I’ve just finished listening to a podcast of a seminar put on by the Long Now Foundation, on endangered languages. It was fascinating for many reasons, but just one was the concept put forward that a language is a codified form of the culture that produces it.
For example, the many different words for various trees known to a people indicate a need within their culture to be able to distinguish them, or a culture that uses plant poisons would probably have words for plants that reflect their importance in producing poisons. If you knew what those words were and what they meant, it would give you knowledge. The latest evolution of a culture’s knowledge of the world and philosophy is captured in their language.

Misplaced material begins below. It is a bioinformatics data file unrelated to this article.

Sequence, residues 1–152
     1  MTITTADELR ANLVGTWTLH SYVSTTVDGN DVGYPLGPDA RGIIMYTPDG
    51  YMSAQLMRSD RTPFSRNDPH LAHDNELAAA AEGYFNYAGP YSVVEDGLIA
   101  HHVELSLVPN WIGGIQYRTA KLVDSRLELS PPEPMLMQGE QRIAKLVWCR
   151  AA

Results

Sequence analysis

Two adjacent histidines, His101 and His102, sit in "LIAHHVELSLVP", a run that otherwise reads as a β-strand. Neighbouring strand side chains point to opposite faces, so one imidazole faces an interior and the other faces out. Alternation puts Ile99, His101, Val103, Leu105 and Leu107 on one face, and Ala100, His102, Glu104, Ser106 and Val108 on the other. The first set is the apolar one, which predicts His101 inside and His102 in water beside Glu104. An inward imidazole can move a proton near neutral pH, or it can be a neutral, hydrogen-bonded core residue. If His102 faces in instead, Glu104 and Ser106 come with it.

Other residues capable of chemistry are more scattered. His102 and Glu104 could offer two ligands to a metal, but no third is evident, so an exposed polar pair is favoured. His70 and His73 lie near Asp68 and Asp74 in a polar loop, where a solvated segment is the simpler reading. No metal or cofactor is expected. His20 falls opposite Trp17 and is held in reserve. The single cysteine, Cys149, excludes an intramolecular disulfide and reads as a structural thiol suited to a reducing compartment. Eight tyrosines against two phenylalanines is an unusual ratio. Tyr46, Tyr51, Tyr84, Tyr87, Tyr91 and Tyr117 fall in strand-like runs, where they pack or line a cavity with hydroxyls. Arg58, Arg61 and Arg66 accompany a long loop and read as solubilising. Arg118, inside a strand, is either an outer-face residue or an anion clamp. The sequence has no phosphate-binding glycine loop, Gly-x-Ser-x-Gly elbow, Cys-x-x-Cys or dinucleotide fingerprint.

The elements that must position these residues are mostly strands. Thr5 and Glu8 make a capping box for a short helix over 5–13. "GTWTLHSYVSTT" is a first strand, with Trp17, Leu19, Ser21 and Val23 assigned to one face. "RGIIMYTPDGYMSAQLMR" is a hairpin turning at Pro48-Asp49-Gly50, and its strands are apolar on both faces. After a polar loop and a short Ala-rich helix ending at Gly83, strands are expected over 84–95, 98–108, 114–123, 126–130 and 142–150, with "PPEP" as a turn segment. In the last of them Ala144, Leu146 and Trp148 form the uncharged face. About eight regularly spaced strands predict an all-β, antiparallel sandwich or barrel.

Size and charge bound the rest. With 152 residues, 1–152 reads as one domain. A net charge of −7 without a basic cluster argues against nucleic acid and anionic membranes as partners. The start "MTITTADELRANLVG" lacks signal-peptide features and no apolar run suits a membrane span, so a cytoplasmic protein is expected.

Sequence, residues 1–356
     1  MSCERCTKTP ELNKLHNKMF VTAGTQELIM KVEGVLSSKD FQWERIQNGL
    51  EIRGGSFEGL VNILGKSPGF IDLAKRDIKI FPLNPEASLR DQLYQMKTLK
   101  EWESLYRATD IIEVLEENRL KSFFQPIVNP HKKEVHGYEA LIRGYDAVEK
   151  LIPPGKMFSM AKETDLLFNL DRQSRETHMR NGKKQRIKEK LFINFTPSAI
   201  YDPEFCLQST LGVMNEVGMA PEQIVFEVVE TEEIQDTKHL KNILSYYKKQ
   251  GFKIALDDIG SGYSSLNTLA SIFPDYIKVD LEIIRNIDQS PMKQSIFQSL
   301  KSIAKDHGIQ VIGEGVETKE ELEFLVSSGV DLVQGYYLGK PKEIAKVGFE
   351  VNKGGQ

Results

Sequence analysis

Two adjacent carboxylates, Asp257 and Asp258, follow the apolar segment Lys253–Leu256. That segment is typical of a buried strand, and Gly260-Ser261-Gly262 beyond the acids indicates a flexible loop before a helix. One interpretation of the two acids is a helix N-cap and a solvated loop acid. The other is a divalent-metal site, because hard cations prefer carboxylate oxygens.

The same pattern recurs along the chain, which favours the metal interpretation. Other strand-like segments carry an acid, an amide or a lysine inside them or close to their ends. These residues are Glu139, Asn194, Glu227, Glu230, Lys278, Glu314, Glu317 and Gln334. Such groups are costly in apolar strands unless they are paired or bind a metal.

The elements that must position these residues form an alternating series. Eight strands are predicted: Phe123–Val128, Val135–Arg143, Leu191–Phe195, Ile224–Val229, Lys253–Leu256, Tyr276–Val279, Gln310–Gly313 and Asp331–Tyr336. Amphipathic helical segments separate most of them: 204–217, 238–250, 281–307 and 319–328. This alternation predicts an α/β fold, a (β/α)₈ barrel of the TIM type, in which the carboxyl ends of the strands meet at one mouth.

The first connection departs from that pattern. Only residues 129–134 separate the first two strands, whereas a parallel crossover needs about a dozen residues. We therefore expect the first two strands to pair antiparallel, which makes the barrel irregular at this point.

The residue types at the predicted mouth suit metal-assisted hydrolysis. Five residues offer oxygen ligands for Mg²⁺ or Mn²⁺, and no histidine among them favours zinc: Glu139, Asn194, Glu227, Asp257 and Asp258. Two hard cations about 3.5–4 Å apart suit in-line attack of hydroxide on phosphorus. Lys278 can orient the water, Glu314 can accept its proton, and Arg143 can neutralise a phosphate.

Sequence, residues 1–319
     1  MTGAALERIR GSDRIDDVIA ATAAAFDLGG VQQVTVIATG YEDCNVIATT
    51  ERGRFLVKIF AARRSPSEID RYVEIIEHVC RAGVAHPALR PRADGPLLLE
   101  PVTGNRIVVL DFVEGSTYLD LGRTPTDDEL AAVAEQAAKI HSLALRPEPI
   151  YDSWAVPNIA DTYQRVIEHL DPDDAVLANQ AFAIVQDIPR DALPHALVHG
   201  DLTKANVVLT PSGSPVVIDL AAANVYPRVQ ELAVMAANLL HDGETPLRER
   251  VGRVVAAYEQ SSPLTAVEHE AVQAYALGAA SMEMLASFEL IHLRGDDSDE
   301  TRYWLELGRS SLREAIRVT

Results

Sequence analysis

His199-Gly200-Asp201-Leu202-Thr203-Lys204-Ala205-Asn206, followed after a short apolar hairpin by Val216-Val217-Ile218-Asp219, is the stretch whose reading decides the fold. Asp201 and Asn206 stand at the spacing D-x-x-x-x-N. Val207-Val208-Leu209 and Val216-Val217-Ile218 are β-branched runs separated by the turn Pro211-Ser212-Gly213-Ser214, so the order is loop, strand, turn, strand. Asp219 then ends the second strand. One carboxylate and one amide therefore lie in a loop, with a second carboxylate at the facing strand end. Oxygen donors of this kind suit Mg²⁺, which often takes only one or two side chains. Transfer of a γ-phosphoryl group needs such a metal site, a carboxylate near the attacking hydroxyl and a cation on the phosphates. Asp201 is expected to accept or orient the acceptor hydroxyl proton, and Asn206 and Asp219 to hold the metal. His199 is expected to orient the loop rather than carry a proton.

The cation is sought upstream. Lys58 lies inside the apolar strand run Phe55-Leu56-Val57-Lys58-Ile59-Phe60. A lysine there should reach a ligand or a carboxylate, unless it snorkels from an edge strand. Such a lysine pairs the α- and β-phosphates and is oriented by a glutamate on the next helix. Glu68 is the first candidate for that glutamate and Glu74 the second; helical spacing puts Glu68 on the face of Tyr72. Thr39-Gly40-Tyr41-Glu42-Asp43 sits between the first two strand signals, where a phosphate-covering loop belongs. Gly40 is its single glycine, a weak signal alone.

Which is why it is a shame when languages die. We don’t just lose a particular way of expression, but potentially also useful learnings about the world.
It reminds me of the story of how ancient Egyptian Hieroglyphics were decoded after being undecypherable for centuries. Sure, the Rosetta Stone helped, but if it wasn’t for the realisation that the Coptic Language preserved the ancient Egyptian linguistic forms, I suspect we’d only be able to decode a few words and that would be it. In a real way, the culture of the ancient Egyptians is open to us now only because it was carried forward to us in the form of Coptic. If Coptic had died out (and it is nearly extinct), so would’ve our opportunity to understand the ways of an ancient people.